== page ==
Knowing there is no clear guidance from CMS on what it means to consider and protect Medicare’s interests and given the possible exposure for failing to get it right, the question becomes: what is the best way to resolve a claim with sometimes limited information on the claimant’s Medicare status and/or any applicable Medicare liens? As you attempt to make your way through what can sometimes feel like a Medicare maze---here are some practical tips:

  1. Send correspondence to the claimant or their attorney (if applicable) explaining the obligation to identify and protect Medicare’s interest during settlement negotiations;

  1. Determine the claimant’s Medicare status and eligibility in all cases; have the claimant or his attorney confirm that he is or is not a Medicare beneficiary in writing; also make sure they confirm whether the claimant has a reasonable expectation of becoming a Medicare beneficiary in the next 30 months;

  1. Make sure the claimant is aware of the mandatory reporting requirements and that you (as an RRE) will report the full amount of the settlement to Medicare;

  1. Require language in the release specifically explaining that Medicare’s interests were properly considered, including consideration of future medical needs;

  1. If possible, list the ICD-10 diagnoses codes associated with all injuries claimed by the plaintiff (regardless of any causation issues) in the release (to ensure clarity as to the specific injuries and past/future treatment at issue); these codes can usually be found within the medical bills;

  1. Include indemnity language in the release which requires the claimant to indemnify the released parties and cover the costs associated with any future suits by Medicare in the event they fail to address any Medicare liens;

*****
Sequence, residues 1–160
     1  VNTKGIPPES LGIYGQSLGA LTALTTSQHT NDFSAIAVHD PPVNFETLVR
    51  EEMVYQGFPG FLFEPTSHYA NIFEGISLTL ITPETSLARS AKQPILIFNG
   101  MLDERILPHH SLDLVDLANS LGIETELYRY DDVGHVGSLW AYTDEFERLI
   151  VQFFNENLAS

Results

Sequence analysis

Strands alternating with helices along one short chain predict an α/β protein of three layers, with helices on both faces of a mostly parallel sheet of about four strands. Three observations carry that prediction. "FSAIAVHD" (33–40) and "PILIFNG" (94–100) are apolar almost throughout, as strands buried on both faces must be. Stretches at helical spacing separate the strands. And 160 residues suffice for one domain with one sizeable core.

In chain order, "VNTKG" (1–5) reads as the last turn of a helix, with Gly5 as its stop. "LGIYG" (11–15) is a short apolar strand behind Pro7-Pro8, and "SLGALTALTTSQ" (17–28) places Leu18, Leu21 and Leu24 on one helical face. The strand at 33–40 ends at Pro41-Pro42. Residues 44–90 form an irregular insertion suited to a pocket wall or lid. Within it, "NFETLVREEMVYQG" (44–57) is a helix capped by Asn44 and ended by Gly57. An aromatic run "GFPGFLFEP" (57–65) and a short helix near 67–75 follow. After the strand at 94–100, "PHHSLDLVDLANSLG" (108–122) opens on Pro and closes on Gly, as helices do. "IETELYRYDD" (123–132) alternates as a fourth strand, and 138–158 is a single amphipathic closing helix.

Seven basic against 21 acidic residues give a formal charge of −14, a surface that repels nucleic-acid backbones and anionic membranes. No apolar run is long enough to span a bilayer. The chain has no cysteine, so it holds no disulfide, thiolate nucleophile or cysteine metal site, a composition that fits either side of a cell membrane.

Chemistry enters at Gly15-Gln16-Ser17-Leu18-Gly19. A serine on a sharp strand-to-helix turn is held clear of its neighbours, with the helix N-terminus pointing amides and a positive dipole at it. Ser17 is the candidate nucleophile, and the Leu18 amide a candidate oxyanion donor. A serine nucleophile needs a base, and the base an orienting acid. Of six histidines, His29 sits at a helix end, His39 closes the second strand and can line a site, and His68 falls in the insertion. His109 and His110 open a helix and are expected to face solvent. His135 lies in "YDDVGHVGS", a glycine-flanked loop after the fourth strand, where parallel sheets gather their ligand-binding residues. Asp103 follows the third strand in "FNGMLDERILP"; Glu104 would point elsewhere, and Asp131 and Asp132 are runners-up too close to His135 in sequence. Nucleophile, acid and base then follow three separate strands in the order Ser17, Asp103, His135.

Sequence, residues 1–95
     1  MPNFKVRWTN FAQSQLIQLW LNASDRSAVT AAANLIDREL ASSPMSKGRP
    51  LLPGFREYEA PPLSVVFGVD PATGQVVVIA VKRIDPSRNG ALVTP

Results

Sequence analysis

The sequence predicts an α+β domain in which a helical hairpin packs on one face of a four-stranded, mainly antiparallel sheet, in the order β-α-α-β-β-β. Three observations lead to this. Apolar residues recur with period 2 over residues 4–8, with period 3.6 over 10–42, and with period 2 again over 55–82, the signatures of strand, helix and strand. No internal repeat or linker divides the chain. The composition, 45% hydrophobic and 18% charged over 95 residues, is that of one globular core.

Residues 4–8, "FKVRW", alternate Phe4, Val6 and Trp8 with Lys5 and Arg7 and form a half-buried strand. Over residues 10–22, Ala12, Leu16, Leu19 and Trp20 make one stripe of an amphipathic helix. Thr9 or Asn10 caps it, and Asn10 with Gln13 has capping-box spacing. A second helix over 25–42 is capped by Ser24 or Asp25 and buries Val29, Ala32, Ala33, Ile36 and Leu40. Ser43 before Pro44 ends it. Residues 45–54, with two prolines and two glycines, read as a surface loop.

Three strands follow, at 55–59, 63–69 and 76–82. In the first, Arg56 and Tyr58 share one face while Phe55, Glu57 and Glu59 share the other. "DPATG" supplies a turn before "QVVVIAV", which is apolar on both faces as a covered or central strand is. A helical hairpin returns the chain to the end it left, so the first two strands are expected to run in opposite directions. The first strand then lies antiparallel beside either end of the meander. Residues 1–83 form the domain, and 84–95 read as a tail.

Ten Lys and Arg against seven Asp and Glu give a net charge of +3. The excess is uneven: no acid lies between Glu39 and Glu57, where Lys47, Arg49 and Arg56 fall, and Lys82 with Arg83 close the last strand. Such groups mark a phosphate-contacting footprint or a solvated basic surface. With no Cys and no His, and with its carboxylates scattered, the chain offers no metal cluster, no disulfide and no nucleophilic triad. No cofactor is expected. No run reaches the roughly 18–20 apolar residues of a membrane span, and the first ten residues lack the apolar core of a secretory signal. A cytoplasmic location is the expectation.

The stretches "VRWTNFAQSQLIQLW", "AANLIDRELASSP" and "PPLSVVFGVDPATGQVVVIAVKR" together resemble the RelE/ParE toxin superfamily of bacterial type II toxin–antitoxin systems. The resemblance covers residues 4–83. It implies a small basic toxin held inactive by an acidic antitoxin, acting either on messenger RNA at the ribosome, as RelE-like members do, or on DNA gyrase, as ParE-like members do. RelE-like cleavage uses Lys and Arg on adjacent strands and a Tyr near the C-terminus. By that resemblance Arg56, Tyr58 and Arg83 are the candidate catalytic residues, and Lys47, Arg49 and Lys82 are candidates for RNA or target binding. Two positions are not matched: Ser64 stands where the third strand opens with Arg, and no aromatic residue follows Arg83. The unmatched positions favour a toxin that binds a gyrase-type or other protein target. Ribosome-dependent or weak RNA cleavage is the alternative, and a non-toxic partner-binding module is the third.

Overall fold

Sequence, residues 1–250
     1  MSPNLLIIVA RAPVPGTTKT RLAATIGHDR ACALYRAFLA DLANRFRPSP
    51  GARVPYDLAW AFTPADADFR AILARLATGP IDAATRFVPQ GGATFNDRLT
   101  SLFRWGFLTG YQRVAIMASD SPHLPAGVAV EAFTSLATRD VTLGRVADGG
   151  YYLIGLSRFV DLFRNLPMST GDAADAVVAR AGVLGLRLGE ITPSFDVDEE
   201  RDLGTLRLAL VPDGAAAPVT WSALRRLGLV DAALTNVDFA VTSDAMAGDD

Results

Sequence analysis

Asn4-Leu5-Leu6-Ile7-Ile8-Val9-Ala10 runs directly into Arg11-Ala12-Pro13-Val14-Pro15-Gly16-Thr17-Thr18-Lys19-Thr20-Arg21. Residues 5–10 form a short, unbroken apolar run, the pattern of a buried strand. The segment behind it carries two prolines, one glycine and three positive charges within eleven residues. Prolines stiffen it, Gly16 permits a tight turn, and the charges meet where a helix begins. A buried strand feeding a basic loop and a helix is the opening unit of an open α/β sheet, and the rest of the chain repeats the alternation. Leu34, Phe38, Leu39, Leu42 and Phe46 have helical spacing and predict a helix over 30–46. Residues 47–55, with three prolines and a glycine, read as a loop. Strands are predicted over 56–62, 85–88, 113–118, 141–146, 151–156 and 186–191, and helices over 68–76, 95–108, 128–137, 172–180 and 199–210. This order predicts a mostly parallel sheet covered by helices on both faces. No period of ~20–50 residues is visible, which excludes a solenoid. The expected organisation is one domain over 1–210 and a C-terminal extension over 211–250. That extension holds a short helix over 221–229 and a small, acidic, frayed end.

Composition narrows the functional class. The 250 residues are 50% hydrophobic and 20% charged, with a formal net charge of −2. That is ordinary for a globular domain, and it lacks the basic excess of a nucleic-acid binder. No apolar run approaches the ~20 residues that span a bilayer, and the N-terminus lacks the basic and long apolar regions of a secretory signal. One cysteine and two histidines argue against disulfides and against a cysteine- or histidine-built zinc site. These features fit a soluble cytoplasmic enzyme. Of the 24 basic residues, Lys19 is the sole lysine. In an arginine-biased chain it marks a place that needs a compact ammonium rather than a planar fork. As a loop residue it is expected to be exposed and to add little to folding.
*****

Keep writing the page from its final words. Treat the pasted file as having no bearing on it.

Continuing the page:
1. In cases where the claimant is not a Medicare beneficiary or a potential beneficiary, include language in the release which specifically reflects his or her status;

  1. If possible, make sure plaintiff’s counsel’s approval of the release language with regard to Medicare’s interests is demonstrated by counsel’s signature;

  1. Recommend, in writing, the use of a Medicare Set Aside or Annuity where future medical treatment will be required;

  1. If an MSA or annuity is used, make sure those documents are exhibits to the settlement release; and,

  1. Prior to issuing the settlement check to plaintiff or his attorney, require proof that any Medicare liens have been satisfied; in the alternative, Medicare can be included as a payee on the settlement check.

As always, we are happy to help with settlement negotiations, reviewing claims for any potential Medicare-related issues, and preparing appropriate settlement documents to assist with MSPA compliance.

The Journal is a publication for the clients of Drew Eckl & Farnham, LLP. It is written in a general format and is not intended to be legal advice to any specific circumstance. Legal Opinions may vary when based upon subtle factual differences. All rights reserved. 

Editorial Board:

H. Michael Bagley